We have established churches and have done for hundreds of years. Bishops even sit in the House of Lords. Schools are generally required to give some form of morning worship - which was entirely christian until a couple dozen or so years back. But it has now been reduced to 'thought for the day' type stuff in many instances.

Also, Lord Monckton is a climate science denier. A non-scientist ex-journalist puzzle-creator who used to be one of Thatcher's minions. Not sure he'll be erecting shrines to Gore anytime soon.


Mr Justice Michael Burton said that "a belief in man-made climate change ... is capable, if genuinely held, of being a philosophical belief for the purpose of the 2003 Religion and Belief Regulations".

Torygraph



[edit on 7-11-2009 by melatonin]



posted on Nov, 7 2009 @ 07:07 AM
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reply to post by jdub297
 


So if you employed an good worker, you'd consider firing them because of their belief in man made global warming ? A belief which doesn't affect their employment ?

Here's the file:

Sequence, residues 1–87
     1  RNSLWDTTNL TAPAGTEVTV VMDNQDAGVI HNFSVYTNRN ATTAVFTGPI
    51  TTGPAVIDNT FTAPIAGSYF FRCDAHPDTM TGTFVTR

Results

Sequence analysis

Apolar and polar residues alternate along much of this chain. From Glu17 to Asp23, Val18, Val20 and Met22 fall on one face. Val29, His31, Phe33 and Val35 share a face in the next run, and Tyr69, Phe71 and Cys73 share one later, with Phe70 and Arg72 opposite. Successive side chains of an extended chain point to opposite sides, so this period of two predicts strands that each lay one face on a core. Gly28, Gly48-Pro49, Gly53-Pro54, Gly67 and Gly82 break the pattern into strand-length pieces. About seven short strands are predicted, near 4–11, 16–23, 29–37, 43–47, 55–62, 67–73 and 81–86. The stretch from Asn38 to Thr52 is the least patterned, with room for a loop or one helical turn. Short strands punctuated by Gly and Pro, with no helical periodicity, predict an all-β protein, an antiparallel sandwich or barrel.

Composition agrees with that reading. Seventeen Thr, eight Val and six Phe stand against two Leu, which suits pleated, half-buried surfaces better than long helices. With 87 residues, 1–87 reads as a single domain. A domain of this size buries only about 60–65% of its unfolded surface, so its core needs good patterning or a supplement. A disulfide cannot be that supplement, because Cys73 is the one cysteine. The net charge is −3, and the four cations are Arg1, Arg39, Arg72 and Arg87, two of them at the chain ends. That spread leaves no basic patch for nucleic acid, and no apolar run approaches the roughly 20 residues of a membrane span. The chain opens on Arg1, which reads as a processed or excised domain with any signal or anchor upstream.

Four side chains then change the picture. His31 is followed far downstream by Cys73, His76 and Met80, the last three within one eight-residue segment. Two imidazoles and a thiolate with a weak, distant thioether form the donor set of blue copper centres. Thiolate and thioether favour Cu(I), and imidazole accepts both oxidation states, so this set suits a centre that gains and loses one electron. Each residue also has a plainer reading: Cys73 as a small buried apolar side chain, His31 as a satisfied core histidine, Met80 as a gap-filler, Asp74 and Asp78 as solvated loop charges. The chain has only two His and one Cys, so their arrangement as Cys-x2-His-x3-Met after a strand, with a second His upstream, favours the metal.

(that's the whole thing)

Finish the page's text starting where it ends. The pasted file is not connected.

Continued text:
Sheesh. Hardly surprising your economy is going down the plughole.



posted on Nov, 7 2009 @ 09:17 AM
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This is a ridiculous attenuation of logic.


Hardly worth the effort to discuss....



posted on Nov, 7 2009 @ 09:37 AM
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reply to

post by jdub297

 

The case involved Tim Nicholson, 42, who was laid off last year from his job as head of sustainability at Grainger Plc, Britain's largest residential-property company. Nicholson contended he was laid off because his views on the environment were not shared by Grainger executives, and he sued the company for unfair dismissal under Britain's six-year-old Religion and Belief Regulations, which make it unlawful to discriminate against a person on the grounds of their religious or philosophical beliefs.



'Tim' must have expressed his views in some manner.
Now if he kept his philosophical view to himself, then there would not have been a dismissal...imho...